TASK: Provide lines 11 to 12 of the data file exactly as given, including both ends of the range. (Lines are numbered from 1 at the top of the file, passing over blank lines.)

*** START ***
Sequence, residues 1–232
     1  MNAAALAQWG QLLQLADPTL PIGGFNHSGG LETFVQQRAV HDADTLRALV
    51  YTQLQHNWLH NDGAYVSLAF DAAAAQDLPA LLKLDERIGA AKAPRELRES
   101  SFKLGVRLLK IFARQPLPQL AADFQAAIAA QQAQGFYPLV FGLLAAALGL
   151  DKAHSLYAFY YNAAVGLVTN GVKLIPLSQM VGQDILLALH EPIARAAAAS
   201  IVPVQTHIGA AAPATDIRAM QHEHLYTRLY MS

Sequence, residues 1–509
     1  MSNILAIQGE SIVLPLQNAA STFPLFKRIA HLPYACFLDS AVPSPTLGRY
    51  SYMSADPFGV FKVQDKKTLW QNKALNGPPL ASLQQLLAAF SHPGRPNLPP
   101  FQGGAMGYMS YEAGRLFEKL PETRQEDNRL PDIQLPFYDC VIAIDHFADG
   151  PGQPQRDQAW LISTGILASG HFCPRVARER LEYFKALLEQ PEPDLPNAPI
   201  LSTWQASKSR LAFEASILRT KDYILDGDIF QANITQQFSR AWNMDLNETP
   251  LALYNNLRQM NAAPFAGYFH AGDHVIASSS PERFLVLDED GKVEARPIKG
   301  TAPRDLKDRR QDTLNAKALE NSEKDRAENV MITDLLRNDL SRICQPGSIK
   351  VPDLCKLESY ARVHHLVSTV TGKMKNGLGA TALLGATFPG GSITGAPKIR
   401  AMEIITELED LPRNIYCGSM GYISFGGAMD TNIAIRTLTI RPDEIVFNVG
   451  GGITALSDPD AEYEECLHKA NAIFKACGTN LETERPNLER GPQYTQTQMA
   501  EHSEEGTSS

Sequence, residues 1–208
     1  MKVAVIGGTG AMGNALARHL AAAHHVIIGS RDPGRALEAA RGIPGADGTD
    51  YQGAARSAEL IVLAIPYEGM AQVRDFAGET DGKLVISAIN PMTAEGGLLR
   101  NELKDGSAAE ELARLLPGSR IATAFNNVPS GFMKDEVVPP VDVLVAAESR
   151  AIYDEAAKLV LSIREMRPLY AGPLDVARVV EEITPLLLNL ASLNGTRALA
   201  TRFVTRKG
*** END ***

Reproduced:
   151  PGQPQRDQAW LISTGILASG HFCPRVARER LEYFKALLEQ PEPDLPNAPI
   201  LSTWQASKSR LAFEASILRT KDYILDGDIF QANITQQFSR AWNMDLNETP